Monday, February 4, 2008

Judge: Navy not exempt from sonar ruling

I'd posted a few days ago about the Bush administration's January 15th attempt to circumvent a federal court's ruling by granting a waiver exempting the Navy and its anti-submarine warfare exercises from federal law. On Monday, the AP reported (via Yahoo News) that the judge in the case has ruled that the Navy is not exempted from compliance with the National Environmental Policy Act. The judge also wrote that she has "significant concerns about the constitutionality of the President's exemption," but did not need to reach the constitutional issue. A copy of the judge's 36-page opinion (pdf) is available here. From the article:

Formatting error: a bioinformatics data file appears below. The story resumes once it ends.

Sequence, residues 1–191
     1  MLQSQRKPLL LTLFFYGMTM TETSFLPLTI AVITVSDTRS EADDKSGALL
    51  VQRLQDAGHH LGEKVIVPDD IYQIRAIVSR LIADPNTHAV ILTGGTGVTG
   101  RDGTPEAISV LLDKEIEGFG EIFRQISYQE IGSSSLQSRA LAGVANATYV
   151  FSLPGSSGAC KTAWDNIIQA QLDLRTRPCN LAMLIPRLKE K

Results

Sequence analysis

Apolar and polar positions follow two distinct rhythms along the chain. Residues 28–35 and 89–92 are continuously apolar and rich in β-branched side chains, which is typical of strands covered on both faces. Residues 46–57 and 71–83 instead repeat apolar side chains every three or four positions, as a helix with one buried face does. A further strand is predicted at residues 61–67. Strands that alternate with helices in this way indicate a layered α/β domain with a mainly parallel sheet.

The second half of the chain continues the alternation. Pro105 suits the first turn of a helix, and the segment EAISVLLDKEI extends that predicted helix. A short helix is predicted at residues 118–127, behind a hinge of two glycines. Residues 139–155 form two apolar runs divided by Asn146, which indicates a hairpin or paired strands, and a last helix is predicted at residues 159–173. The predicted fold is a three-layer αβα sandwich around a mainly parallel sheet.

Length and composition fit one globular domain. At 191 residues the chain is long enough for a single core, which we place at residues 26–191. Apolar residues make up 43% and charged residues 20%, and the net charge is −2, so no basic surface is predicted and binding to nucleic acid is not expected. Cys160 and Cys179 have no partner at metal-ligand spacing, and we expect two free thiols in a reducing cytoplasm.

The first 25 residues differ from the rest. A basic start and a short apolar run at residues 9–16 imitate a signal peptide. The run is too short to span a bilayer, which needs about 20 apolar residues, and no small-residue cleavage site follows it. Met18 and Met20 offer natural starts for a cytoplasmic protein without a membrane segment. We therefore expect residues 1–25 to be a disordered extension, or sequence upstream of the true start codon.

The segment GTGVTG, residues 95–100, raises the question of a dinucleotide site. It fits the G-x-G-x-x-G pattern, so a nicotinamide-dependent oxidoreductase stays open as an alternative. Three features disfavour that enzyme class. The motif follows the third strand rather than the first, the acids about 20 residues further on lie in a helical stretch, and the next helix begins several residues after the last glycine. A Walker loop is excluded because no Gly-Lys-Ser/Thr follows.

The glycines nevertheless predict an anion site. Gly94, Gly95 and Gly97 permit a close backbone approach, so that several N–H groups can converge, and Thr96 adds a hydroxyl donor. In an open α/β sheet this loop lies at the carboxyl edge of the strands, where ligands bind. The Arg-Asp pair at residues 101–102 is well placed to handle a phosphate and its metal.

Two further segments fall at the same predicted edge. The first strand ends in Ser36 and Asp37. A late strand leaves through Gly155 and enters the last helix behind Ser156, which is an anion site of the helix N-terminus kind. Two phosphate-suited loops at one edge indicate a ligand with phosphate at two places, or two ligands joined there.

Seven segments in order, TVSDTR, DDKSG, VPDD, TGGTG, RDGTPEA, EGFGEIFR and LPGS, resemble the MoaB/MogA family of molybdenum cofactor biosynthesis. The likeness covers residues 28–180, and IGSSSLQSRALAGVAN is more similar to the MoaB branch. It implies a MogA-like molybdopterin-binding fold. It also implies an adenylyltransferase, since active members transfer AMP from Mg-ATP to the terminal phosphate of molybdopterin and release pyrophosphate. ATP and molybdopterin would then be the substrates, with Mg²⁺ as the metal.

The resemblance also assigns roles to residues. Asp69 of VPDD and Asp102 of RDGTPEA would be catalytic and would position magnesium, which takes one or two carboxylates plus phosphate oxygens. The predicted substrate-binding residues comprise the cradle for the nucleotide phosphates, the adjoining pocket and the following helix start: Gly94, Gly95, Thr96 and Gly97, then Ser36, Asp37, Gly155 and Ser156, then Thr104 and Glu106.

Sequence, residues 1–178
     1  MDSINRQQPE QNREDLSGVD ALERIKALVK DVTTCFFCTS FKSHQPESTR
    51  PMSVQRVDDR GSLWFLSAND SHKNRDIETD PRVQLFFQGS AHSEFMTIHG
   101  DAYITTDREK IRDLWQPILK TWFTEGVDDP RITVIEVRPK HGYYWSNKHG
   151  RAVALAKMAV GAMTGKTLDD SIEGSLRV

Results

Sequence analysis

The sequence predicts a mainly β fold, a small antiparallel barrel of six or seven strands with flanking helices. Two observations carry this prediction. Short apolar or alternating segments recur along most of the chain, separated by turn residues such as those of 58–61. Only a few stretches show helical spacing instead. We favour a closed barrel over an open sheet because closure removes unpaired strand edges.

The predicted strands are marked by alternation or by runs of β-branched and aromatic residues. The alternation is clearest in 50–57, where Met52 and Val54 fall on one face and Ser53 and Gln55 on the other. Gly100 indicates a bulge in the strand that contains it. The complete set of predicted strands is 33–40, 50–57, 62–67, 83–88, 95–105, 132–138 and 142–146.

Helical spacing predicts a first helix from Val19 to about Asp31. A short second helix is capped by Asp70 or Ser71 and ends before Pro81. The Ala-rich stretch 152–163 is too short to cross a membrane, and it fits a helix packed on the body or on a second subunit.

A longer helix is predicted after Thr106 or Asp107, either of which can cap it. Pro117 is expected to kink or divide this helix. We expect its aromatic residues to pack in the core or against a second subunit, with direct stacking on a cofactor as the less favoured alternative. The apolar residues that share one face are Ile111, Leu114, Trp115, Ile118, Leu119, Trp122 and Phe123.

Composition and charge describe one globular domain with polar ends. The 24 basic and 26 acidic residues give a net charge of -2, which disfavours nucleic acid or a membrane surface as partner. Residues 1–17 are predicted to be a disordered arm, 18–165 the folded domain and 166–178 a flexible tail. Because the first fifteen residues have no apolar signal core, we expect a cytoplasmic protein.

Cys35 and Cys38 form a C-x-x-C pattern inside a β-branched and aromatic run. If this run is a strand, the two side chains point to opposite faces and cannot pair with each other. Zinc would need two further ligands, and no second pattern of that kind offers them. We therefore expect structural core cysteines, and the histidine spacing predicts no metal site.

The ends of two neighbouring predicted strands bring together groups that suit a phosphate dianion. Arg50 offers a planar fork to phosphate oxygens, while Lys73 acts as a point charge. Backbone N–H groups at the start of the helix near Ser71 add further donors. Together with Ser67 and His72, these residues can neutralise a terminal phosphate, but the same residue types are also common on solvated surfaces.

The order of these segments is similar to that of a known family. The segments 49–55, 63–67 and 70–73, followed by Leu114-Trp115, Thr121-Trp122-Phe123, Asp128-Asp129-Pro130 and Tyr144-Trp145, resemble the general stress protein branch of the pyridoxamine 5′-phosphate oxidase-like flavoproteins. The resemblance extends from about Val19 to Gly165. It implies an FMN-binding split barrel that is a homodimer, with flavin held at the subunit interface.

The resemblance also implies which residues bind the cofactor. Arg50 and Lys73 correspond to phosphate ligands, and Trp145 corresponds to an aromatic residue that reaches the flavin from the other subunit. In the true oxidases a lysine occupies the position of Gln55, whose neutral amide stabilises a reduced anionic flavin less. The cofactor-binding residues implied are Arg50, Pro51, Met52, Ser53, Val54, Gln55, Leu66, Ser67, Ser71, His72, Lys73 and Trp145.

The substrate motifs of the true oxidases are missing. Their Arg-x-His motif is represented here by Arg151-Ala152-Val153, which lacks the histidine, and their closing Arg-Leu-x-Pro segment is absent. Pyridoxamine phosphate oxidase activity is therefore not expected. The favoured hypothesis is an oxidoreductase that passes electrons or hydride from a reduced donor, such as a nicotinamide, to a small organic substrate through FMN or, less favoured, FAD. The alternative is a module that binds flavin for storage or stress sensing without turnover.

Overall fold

"It's an excellent decision," said Joel Reynolds, attorney for the Natural Resources Defense Council, which is spearheading the legal fight. "It reinstates the proper balance between national security and environmental protection."
. . .
Said Reynolds: "I've always felt that the president's actions were illegal in this case, and the judge has affirmed that point of view with the decision today."
. . .
Scientists have said that loud sonar can damage the brains and ears of marine mammals, and that it may mask the echoes some whales and dolphins listen for when they use their own natural sonar to locate food.

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